Norway's central bank kept its policy rate unchanged and repeated its guidance of a third hike later this year, while also signaling uncertainty about the future path of monetary policy amid global trade tensions and concerns regarding Britain's impending exit from the European Union.
The near-term monetary policy outlook "is little changed" since June, when the Norges Bank raised its key rate by 0.25 percentage point to 1.25% and hinted at further tightening over the course of 2019, Governor Øystein Olsen said. The central bank's policymakers will again decide on interest rates in September, October and December.
However, "[t]he global risk outlook entails greater uncertainty about policy rates going forward," Olsen added. The central bank said deepening global trade tensions and heightened Brexit-related uncertainty may weigh on the Norwegian economy, while also noting that a weaker Norwegian krone may contribute to higher inflation in the future.
Erik Bruce, chief analyst at Nordea Bank, said Norges Bank's latest monetary statement still suggests that the next rate hike would come next month. But the central bank's warning about the global risk outlook "indicates that it feels less certain about the need for further hikes after September," he wrote in a note.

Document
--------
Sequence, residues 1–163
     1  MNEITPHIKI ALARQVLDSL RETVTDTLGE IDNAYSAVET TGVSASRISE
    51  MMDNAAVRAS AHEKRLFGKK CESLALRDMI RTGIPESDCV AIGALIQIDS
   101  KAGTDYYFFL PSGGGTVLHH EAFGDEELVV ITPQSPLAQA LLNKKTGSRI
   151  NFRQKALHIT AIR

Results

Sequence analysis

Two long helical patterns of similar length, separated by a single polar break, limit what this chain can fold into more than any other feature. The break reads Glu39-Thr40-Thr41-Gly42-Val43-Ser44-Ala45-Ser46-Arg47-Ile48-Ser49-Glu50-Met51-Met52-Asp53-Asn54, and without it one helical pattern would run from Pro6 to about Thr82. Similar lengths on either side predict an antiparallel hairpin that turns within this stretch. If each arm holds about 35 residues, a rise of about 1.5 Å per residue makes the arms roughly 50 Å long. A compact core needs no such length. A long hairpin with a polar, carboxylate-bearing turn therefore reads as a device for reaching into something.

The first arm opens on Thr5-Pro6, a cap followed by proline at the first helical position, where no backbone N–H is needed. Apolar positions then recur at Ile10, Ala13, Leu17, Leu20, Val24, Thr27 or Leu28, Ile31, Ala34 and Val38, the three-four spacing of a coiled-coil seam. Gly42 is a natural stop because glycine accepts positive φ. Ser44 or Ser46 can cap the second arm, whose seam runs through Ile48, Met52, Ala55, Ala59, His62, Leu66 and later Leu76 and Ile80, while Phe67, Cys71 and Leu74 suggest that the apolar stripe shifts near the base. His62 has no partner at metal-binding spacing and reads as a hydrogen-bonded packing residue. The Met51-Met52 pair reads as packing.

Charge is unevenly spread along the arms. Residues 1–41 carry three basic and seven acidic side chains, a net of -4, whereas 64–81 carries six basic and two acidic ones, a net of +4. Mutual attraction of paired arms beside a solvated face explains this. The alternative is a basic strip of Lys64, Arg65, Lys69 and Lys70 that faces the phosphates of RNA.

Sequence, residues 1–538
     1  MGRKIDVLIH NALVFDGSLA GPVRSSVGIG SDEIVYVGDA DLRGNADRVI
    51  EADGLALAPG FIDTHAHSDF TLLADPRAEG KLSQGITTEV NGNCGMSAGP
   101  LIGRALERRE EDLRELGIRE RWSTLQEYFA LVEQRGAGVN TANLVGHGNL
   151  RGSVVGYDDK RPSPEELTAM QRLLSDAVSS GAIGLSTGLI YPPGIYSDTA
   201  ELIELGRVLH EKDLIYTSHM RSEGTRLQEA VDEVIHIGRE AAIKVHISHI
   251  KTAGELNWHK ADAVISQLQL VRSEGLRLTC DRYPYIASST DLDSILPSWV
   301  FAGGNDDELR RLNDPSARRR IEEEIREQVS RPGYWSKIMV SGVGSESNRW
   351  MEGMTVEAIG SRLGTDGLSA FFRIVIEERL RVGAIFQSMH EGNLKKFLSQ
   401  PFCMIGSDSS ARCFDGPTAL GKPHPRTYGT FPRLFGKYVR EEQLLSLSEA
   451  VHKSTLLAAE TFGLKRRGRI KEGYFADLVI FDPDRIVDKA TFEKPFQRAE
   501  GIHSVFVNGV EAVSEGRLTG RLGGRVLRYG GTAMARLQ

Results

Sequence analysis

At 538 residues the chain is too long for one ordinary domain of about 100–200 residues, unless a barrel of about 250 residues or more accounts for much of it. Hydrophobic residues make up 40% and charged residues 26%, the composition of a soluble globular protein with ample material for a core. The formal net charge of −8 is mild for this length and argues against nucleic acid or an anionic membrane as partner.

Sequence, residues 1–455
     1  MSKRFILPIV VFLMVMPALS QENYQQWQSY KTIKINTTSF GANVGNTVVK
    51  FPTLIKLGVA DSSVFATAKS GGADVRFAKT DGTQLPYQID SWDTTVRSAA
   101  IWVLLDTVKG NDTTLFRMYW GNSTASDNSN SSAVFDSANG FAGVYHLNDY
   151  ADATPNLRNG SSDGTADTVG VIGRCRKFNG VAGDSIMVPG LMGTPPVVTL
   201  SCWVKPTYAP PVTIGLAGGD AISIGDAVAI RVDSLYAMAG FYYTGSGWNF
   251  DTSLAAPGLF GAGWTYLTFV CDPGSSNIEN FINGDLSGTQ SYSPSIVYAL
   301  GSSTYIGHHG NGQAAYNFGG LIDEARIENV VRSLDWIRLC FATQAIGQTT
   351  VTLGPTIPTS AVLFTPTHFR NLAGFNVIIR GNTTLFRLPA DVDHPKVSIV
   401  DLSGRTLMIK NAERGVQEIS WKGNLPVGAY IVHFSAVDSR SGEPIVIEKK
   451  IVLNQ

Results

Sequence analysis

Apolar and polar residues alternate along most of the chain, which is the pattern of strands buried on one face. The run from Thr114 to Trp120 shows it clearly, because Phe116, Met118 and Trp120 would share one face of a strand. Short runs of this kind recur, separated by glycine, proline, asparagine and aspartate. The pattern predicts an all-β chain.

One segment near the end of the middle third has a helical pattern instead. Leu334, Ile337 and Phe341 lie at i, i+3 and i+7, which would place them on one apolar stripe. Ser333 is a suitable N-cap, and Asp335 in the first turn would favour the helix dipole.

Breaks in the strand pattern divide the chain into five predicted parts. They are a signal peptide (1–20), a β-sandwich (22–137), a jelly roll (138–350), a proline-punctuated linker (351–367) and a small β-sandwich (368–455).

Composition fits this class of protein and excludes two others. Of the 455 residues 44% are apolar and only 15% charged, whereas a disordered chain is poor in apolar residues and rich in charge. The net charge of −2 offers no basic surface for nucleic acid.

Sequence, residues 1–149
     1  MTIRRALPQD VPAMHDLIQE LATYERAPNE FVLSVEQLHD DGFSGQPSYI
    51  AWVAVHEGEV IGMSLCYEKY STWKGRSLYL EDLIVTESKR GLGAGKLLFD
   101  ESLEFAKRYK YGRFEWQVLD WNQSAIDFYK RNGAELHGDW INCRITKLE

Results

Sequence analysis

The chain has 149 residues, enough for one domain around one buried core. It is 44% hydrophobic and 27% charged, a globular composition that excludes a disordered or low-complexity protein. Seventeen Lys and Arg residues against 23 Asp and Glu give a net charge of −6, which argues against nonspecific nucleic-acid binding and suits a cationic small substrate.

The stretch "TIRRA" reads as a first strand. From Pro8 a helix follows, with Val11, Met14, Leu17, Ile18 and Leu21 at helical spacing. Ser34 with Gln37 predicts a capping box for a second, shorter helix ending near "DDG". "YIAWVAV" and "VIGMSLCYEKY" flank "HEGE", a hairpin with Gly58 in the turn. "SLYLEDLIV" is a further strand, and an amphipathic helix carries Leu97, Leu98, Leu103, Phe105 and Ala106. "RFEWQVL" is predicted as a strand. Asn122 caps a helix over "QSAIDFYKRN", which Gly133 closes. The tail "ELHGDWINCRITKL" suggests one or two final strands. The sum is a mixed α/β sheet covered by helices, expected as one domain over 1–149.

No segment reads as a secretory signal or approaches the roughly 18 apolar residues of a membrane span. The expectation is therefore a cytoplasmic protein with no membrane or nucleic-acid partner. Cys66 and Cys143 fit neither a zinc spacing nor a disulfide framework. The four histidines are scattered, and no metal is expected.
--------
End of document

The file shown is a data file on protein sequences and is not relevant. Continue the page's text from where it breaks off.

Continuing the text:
Danske Bank analysts also continue to expect a rate hike in September, while those from ING see a tightening in December as more likely but noted: "[U]ltimately it will all depend on how the global trade war evolves between now and then."
The Norwegian economy is growing in line with projections, with GDP rising 0.7% on a quarterly basis between March and May, the central bank said. The labor market appears to develop broadly as projected, while underlying inflation has slightly missed projections, with tax-adjusted prices of consumer products excluding energy rising only 2.2% in July, compared with expectations of a 2.4% increase.